Padma Kaul was nominated for Gender STI's #WomenInLeadership Campaign, which celebrates women leaders in science, technology and innovation, by the Canadian Institutes of Health Research’s (CIHR) Institute of Gender and Health.
She is a professor at the University of Alberta, an adjunct professor at Duke University and the co-director of the Canadian VIGOUR Centre. Kaul is the CIHR Sex and Gender Chair in Diabetes and the Heart & Stroke Chair in Cardiovascular Research. Kaul’s research examines issues involving access and delivery of cardiovascular care at a population level; examining international differences in cardiovascular practice patterns and outcomes; and health economics. One of her primary interests is looking at the burden of heart disease in women relative to men.
Kaul spoke to Gender STI about her experience as a woman leader in honor of International Women's Day 2021.
Can you tell us a bit about your job and your responsibilities?
I am a Professor in the Department of Medicine, Co-Director of the Canadian VIGOUR Centre, at the University of Alberta. I am an epidemiologist and policy analyst by training, and I spend a majority of my time on research activities focused on diabetes and heart disease. I spend a lot of time working with data, looking at who is getting the disease, what kind of care they are receiving, and how their disease is progressing.
Did you face any challenges on your journey to become a woman leader? How did you overcome them?
Competing demands are a major challenge. For example, the time period during which I had to meet the requirements to succeed at an academic career (i.e., promotion from Assistant Professor, to Associate Professor, to Full Professor) coincided with the time demands imposed by two young children. Priority setting, time management, and persevering despite some failures. Leadership requires tenacity!
What goals do you have as a leader?
My goal is to provide the infrastructure and multidisciplinary team environment to the next generation of researchers, especially young women, interested in metabolic and cardiovascular health outcomes.
How would you describe the gender balance in decision-making in science, technology and innovation (STI)?
It is currently highly skewed in favour of men. This is particularly true in health fields, where support roles are dominated by women (nurse coordinators, research managers, etc.) but women are underrepresented in leadership roles. However, I hope that this is changing.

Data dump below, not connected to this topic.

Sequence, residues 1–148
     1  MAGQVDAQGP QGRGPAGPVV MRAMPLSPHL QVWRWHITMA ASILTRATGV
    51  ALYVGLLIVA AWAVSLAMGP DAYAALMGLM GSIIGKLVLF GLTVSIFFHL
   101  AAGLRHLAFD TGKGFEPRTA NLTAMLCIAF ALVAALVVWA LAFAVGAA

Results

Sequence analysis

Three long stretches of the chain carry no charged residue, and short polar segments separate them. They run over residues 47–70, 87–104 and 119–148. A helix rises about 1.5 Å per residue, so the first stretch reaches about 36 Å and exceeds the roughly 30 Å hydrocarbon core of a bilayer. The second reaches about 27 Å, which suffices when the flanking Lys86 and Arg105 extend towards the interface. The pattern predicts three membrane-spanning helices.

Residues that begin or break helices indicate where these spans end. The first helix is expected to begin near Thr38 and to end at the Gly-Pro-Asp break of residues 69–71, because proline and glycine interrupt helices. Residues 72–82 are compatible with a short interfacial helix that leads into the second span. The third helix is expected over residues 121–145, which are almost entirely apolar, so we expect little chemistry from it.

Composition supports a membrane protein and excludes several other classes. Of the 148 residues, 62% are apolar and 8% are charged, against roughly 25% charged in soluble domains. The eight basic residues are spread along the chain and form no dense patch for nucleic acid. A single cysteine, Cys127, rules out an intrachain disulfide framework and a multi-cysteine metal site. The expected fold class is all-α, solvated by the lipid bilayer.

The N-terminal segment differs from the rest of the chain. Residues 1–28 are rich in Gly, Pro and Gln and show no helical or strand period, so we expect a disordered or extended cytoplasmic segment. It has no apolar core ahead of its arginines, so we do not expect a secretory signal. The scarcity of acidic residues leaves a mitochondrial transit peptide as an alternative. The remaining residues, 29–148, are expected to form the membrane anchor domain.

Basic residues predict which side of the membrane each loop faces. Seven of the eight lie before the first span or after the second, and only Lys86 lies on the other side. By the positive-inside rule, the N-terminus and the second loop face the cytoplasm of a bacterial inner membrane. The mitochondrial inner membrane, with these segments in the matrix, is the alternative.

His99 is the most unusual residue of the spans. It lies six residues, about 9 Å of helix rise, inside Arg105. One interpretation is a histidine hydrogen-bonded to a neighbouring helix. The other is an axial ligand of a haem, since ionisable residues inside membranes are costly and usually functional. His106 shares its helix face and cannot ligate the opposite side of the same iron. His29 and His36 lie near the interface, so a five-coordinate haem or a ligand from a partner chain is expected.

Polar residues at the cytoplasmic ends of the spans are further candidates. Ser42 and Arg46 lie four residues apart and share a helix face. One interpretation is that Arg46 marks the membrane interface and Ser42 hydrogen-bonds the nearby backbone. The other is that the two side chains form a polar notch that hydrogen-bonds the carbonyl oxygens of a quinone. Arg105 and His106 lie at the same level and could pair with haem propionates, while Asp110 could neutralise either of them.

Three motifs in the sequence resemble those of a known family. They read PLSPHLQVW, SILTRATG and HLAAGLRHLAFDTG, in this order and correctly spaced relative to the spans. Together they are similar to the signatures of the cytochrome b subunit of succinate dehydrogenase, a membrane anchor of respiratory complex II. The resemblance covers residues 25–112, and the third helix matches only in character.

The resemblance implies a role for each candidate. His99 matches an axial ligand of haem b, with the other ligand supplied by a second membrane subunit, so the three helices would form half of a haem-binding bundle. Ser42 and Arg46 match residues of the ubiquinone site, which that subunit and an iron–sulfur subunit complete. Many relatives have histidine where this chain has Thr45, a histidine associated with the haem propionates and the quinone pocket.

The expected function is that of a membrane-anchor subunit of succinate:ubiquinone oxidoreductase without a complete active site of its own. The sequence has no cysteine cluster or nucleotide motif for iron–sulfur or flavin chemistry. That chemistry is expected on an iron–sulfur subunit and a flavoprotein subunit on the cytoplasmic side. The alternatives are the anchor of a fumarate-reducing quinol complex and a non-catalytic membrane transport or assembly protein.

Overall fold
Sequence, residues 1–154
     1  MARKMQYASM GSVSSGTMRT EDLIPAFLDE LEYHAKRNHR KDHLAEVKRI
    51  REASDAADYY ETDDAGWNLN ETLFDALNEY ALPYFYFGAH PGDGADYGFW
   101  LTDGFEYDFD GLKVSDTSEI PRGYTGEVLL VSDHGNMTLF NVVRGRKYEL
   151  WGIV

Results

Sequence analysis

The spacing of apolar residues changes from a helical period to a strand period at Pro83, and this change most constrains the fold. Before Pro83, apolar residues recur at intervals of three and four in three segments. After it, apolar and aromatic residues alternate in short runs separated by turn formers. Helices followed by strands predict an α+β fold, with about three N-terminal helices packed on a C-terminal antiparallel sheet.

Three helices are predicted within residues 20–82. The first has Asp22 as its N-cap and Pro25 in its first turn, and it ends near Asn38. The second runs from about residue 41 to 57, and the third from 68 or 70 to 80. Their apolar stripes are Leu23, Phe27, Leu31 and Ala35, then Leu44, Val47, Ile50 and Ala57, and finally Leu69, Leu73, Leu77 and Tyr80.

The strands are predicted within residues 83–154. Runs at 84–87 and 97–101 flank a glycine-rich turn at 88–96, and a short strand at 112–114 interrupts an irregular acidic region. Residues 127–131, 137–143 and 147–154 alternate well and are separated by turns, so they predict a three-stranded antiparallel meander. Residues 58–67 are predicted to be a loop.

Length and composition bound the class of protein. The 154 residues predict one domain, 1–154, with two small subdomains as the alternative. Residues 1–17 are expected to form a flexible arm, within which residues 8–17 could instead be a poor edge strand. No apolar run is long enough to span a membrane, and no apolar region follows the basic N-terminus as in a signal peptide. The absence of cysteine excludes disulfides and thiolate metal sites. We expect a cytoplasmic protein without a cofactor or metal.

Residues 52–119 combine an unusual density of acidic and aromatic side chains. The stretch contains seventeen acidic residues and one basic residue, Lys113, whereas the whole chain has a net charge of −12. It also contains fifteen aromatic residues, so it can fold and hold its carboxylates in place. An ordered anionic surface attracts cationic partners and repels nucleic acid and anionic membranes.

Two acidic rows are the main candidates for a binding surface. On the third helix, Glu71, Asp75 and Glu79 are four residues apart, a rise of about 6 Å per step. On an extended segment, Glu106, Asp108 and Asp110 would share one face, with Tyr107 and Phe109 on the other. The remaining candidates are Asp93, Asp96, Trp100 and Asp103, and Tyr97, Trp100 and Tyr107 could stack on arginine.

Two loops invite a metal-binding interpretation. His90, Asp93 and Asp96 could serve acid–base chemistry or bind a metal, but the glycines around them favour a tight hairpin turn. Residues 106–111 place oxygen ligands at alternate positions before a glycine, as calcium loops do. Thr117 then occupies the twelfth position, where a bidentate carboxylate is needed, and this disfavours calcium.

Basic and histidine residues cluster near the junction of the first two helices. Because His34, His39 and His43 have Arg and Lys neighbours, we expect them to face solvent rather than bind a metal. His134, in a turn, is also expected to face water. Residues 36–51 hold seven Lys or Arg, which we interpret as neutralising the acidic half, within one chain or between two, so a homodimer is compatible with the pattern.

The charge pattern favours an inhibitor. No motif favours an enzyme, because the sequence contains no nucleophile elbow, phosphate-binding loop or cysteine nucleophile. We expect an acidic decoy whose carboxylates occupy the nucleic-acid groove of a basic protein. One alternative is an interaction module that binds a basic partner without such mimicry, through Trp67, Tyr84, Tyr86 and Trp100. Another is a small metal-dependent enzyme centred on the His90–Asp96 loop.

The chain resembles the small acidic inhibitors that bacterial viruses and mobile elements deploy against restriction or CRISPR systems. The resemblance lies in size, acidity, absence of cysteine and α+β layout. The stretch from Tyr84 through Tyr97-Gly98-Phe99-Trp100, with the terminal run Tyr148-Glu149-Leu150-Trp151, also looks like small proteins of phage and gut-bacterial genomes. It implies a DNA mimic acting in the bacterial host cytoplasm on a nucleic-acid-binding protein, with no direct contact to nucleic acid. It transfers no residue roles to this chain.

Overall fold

What would you tell young girls and women who would like to become leaders in their professional fields one day?
I would say to young girls what I say to my two teenage daughters: do well in math, pursue science subjects (physics, chemistry, biology, computer science) in high school and beyond.
To young women starting their professional careers, I would tell them to find good mentors and role models; to be persistent in their efforts and not be disheartened if they are not successful at first.
As you may know, the Gender STI project focuses on promoting gender equality in international cooperation in STI. Do you have any ideas on how we could promote gender equality in this area?
Developing opportunities that are specifically tailored for women would be one way. Successful programs such as the collaboration between the European Society of Cardiology and the Oxford Women Transforming Leadership Programme can be useful as templates.
What do you think needs to be done to increase the number of women leaders in STI?
I could write a whole paper on this. We need to start early… expose young school aged girls to female role models who are successful in STI; organizations must make a commitment to actively support the hiring, mentoring, and promoting of women in STI.
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